I have measured myself against other public speakers,--Members of Parliament, Platforms, Pulpits, Counsel learned in the law,--and where I have found 'em good, I have took a bit of imagination from 'em, and where I have found 'em bad, I have let 'em alone. Now I'll tell you what. I mean to go down into my grave declaring that of all the callings ill used in Great Britain, the Cheap Jack calling is the worst used. Why ain't we a profession? Why ain't we endowed with privileges? Why are we forced to take out a hawker's license, when no such thing is expected of the political hawkers? Where's the difference betwixt us? Except that we are Cheap Jacks and they are Dear Jacks, _I_ don't see any difference but what's in our favour.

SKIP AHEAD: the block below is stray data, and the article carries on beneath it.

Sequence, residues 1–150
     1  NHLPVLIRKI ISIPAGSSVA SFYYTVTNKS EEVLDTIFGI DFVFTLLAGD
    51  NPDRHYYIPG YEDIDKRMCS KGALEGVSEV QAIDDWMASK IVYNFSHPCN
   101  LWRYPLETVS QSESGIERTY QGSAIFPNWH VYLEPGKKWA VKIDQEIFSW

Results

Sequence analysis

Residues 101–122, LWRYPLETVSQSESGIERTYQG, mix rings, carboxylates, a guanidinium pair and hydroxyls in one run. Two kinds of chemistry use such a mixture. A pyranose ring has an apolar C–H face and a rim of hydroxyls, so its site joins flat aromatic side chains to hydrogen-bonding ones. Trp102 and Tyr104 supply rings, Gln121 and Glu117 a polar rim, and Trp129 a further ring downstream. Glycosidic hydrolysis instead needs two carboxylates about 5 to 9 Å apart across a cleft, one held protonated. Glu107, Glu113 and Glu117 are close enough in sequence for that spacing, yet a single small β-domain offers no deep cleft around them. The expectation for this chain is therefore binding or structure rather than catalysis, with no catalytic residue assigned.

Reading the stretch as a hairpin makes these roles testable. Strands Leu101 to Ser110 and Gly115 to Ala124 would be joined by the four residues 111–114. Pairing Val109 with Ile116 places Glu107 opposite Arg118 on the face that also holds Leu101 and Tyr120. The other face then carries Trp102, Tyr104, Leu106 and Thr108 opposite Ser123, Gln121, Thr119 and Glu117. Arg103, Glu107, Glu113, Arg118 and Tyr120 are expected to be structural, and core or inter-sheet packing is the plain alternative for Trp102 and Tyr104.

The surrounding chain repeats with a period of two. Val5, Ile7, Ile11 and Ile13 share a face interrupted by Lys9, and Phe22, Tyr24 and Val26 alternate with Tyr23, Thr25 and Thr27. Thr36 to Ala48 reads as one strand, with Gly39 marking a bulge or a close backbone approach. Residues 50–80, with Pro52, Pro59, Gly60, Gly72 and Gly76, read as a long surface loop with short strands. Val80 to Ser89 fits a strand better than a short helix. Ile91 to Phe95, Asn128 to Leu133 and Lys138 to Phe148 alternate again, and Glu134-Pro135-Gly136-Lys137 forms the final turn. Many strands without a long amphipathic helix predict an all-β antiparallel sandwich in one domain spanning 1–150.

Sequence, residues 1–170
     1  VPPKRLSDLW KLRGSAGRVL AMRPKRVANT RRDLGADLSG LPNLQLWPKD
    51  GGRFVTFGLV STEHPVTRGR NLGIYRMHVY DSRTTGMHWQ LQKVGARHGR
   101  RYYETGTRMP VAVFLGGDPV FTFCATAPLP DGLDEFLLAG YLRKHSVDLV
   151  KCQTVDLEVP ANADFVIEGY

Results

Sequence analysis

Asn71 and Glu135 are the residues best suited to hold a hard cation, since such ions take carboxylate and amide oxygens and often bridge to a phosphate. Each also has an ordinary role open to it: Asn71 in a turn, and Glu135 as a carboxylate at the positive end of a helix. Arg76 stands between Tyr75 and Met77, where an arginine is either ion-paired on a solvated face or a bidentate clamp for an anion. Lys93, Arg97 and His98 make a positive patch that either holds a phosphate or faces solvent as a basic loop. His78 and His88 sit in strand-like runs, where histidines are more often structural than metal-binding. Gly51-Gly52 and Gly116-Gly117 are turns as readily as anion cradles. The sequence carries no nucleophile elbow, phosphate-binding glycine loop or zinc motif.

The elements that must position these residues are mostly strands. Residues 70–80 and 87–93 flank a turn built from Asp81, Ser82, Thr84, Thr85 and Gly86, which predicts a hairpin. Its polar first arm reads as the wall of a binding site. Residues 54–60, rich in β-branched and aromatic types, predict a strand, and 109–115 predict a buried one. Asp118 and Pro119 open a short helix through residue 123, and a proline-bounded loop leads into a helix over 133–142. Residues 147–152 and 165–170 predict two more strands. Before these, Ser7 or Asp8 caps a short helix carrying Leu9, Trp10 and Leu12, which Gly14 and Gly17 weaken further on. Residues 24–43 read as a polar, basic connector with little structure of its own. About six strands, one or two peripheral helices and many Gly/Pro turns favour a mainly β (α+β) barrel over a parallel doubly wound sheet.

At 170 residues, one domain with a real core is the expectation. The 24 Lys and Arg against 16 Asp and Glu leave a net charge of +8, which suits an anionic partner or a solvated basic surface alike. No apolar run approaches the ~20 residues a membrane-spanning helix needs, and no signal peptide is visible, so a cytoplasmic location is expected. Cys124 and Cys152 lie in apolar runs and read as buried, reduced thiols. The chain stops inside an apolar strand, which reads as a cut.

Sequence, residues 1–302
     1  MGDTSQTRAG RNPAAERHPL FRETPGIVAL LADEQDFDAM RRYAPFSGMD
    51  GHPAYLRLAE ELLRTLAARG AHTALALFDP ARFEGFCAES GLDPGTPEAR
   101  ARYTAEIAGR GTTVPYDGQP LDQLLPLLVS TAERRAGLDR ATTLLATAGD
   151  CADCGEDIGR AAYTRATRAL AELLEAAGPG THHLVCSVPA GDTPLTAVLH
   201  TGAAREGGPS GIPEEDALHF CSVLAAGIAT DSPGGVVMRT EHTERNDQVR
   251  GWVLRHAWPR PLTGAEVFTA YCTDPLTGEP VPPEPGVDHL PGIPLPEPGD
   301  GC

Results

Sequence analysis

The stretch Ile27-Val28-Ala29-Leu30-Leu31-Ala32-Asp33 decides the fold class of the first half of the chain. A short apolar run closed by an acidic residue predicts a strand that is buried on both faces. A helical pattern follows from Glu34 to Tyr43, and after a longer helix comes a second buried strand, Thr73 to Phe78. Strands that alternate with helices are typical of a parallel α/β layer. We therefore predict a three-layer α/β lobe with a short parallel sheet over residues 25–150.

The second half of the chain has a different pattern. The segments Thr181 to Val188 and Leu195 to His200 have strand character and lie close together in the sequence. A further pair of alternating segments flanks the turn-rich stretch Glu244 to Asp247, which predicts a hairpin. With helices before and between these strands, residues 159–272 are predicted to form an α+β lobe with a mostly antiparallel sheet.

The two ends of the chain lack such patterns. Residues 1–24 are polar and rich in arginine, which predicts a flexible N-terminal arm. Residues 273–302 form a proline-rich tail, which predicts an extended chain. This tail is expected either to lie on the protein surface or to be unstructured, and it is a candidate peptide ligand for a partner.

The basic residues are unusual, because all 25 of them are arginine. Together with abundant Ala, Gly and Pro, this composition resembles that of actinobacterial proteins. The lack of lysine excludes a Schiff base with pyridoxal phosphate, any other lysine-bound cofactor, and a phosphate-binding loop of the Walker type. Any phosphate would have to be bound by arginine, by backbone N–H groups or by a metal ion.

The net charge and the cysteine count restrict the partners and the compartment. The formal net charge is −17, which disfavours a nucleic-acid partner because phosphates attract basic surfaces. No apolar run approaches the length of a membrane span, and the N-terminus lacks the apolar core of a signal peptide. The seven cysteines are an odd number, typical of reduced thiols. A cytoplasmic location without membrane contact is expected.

For look here! Say it's election time. I am on the footboard of my cart in the market-place, on a Saturday night. I put up a general miscellaneous lot. I say: "Now here, my free and independent woters, I'm a going to give you such a chance as you never had in all your born days, nor yet the days preceding. Now I'll show you what I am a going to do with you. Here's a pair of razors that'll shave you closer than the Board of Guardians; here's a flat-iron worth its weight in gold; here's a frying-pan artificially flavoured with essence of beefsteaks to that degree that you've only got for the rest of your lives to fry bread and dripping in it and there you are replete with animal food; here's a genuine chronometer watch in such a solid silver case that you may knock at the door with it when you come home late from a social meeting, and rouse your wife and family, and save up your knocker for the postman; and here's half-a-dozen dinner plates that you may play the cymbals with to charm baby when it's fractious. Stop! I'll throw in another article, and I'll give you that, and it's a rolling-pin; and if the baby can only get it well into its mouth when its teeth is coming and rub the gums once with it, they'll come through double, in a fit of laughter equal to being tickled. Stop again! I'll throw you in another article, because I don't like the looks of you, for you haven't the appearance of buyers unless I lose by you, and because I'd rather lose than not take money to-night, and that's a looking-glass in which you may see how ugly you look when you don't bid. What do you say now? Come! Do you say a pound? Not you, for you haven't got it. Do you say ten shillings? Not you, for you owe more to the tallyman. Well then, I'll tell you what I'll do with you. I'll heap 'em all on the footboard of the cart,--there they are! razors, flat watch, dinner plates, rolling-pin, and away for four shillings, and I'll give you sixpence for your trouble!" This is me, the Cheap Jack. But on the Monday morning, in the same market-place, comes the Dear Jack on the hustings--_his_ cart--and, what does _he_ say? "Now my free and independent woters, I am a going to give you such a chance" (he begins just like me) "as you never had in all your born days, and that's the chance of sending Myself to Parliament. Now I'll tell you what I am a going to do for you. Here's the interests of this magnificent town promoted above all the rest of the civilised and uncivilised earth. Here's your railways carried, and your neighbours' railways jockeyed. Here's all your sons in the Post-office. Here's Britannia smiling on you. Here's the eyes of Europe on you.